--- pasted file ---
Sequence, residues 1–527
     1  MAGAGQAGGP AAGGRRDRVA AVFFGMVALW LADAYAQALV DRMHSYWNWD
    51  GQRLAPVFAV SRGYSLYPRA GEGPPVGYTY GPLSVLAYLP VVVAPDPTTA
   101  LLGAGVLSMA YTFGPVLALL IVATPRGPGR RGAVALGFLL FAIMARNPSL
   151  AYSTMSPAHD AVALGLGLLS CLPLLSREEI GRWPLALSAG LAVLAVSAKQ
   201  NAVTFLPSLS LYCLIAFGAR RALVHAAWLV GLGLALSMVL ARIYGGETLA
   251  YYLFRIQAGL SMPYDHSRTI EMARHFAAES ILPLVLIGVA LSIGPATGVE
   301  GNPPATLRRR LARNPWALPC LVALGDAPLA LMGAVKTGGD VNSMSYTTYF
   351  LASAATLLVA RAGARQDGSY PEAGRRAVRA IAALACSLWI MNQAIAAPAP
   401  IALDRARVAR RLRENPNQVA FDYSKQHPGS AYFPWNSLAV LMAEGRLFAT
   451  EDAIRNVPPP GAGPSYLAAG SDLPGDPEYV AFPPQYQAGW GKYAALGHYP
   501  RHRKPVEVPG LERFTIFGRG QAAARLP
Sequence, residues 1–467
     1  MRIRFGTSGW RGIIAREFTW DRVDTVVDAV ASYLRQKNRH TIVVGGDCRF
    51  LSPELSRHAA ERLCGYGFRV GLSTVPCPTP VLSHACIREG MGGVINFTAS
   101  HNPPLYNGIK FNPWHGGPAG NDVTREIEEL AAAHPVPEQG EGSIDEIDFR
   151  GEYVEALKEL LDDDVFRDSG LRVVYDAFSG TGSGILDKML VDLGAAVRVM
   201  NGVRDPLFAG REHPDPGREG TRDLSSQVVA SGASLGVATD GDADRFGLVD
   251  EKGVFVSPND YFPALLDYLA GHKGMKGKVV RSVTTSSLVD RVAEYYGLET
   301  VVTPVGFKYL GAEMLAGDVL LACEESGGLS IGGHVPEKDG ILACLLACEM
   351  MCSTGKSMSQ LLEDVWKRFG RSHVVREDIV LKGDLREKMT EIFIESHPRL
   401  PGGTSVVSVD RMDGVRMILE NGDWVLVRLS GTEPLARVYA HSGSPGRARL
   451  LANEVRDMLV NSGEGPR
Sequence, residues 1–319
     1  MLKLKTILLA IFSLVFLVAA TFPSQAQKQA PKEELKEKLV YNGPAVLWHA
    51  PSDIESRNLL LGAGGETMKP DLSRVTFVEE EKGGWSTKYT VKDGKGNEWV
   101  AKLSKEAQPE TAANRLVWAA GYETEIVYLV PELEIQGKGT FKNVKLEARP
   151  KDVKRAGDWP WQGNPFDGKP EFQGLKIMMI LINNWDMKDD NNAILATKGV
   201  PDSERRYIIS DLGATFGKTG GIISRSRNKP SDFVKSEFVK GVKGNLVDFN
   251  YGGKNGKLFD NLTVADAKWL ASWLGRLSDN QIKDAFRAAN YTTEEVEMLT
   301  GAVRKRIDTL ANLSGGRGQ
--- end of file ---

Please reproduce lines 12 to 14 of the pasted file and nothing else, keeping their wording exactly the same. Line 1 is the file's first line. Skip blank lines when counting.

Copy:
   501  RHRKPVEVPG LERFTIFGRG QAAARLP
Sequence, residues 1–467
     1  MRIRFGTSGW RGIIAREFTW DRVDTVVDAV ASYLRQKNRH TIVVGGDCRF